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Online SDR
What is Online SDR?
First, what is SDR or software defined radio? For many years superheterodyne circuit design was the standard way to build a radio receiver. This technology was patented in 1917 by Edwin Armstrong and has served as the most practical way to build a radio receiver for all forms of radio signals. While practical and reasonably inexpensive, the design was hardware centric and was often limited to designed frequencies with little flexibility.

As the PC became more powerful it became possible that most of a radio receiver could be handled in the digital domain using the CPU in the computer for signal processing, amplification, and demodulation. The result is less expensive hardware since often the hardware was only preamplification and converting the incoming RF stream into digital data.

In recent years low-cost wideband software defined receivers (SDR) have become available that coupled with various PC software packages provide decoding of both commercial as well as amateur communications. These low-cost solutions are an excellent way for new amateurs to tune into a wide variety of amateur bands and monitor the activity. Quite often the investment in hardware ranges from $40 to $400 with the needed software being free. The frequency range for these devices varies but units with coverage from 500KHz to 1.7GHz is common.

But you don't need to buy anything to take advantage of SDR. All you need is a PC with an internet browser. To learn more, check out these links.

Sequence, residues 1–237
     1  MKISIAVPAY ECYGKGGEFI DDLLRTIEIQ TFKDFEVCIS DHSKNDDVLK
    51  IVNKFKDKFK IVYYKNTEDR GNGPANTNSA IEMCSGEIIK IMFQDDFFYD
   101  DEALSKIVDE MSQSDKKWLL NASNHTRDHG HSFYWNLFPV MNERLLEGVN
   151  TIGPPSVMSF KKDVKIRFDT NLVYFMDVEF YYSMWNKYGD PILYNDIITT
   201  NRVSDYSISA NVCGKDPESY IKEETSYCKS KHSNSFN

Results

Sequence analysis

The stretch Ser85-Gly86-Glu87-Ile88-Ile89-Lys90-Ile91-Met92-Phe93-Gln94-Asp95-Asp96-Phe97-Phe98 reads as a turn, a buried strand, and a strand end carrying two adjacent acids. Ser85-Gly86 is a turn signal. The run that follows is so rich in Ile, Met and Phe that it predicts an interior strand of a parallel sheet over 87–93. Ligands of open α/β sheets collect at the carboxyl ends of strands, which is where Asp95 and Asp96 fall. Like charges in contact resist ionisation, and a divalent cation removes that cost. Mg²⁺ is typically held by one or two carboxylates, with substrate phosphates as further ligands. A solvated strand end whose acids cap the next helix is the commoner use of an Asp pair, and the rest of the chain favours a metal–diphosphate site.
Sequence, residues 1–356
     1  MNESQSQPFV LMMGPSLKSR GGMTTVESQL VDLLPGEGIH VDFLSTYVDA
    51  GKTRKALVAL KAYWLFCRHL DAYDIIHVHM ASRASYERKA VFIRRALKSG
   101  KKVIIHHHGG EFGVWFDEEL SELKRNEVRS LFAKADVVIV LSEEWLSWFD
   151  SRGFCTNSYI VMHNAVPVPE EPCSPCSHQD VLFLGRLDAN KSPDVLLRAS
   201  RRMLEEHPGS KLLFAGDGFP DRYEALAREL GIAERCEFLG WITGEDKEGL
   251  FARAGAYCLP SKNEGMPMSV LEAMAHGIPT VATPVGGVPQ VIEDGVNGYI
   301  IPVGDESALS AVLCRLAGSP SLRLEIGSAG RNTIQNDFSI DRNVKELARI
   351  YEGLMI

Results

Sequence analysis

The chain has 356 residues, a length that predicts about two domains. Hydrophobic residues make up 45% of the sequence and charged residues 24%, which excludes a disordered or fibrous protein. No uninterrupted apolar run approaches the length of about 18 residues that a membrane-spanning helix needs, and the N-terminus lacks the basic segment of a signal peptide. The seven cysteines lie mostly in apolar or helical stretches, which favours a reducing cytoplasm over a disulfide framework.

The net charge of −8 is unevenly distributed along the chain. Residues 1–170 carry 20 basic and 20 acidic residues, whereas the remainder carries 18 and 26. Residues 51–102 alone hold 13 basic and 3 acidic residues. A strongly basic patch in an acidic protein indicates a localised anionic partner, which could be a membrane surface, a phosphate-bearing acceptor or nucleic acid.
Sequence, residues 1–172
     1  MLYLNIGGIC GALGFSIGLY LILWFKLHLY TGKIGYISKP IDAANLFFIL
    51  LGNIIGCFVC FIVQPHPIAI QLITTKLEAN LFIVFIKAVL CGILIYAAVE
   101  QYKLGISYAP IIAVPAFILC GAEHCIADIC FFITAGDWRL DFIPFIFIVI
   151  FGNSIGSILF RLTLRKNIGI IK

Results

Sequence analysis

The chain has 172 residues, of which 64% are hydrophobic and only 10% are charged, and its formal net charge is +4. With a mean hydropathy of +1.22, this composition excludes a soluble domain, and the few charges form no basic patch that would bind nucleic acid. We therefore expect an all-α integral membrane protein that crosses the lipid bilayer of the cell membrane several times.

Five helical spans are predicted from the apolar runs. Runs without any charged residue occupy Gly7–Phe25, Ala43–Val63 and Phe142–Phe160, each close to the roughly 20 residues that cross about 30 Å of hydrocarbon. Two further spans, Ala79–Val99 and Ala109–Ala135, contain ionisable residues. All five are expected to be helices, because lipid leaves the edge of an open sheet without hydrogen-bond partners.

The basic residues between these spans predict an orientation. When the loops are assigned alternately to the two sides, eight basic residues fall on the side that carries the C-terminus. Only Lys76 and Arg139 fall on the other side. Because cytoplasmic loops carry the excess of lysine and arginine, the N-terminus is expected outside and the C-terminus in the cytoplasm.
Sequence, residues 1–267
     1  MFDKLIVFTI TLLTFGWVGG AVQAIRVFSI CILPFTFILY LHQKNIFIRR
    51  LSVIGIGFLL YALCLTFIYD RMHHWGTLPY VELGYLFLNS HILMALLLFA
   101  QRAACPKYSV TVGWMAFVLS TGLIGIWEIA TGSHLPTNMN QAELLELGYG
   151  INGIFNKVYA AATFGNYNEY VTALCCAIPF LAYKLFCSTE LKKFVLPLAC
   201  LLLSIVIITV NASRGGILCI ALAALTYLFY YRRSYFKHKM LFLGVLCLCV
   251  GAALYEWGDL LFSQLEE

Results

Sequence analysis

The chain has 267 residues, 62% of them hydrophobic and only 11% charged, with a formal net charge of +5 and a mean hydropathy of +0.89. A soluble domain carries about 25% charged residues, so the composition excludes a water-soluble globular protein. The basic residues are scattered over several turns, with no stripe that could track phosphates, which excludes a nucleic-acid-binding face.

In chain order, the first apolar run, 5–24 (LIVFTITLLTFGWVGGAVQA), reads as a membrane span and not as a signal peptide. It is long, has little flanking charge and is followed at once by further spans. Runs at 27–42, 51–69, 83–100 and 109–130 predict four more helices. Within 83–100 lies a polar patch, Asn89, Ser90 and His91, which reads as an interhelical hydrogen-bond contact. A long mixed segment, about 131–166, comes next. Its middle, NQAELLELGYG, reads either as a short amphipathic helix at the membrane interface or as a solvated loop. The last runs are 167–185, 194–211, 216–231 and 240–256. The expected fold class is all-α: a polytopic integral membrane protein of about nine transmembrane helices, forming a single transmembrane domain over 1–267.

Background on SDR
ARRL - If you are a member the ARRL has a number of articles on SDR technology. If you are not a member this is still worth taking a look as a number of articles are still available to non-members.

RTL-SDR.COM - This site is a news site that covers all aspects of SDR hardware and software. If you are interested in purchasing your own solution this is worth a look.

Wikipedia - A complete overview of the hardware and software including charts and diagrams.

Hardware SDR Solutions
RTL-SDR - is a very popular dongle solution that simply plugs into your USB port on your PC.

SDR Play - A very popular and well-known solution to many amateur operators. Offering more hardware features than the typical dongle solution and includes a number of software packages for frequency monitoring or spectrum analysis.

KiwiSDR - An HF focused SDR solution with a frequency range of 10 KHz to 30 MHz. Fully self-contained and does not require the PC for anything other than a web browser. This solution is used in a variety of online monitoring sites.

Online SDR Listening Sites
WebSDR - This is a Software-Defined Radio receiver connected to the internet, allowing many listeners to listen and tune it simultaneously. There are sites located around the world.

KiwiSDR - Similar to WebSDR in that sites are located around the world and are available for users to tune into the supported frequencies.

Northern Utah WebSDR - A very popular site with links to four online SDR receivers. Several of these sites have substantial antennas. Also see their "how to" videos on YouTube.

Specific Sites on the West Coast of California
KA9Q - This KiwiSDR is in San Diego and has a reasonably low noise level.  This station uses an inverted vee antenna.

KB6C - This KiwiSDR is in Ventura and hears the San Diego 75/60 meter nets pretty well.

UCSD - This KiwiSDR at UCSD is located in the La Jolla area of San Diego.  This station has a high noise level and a vertical antenna that is not optimum for NVIS.

KPH - The Point Reyes, CA KPH receiver site.

Thanks to Brian, N6CVO and Rob, K6RJF for inspiring this page.
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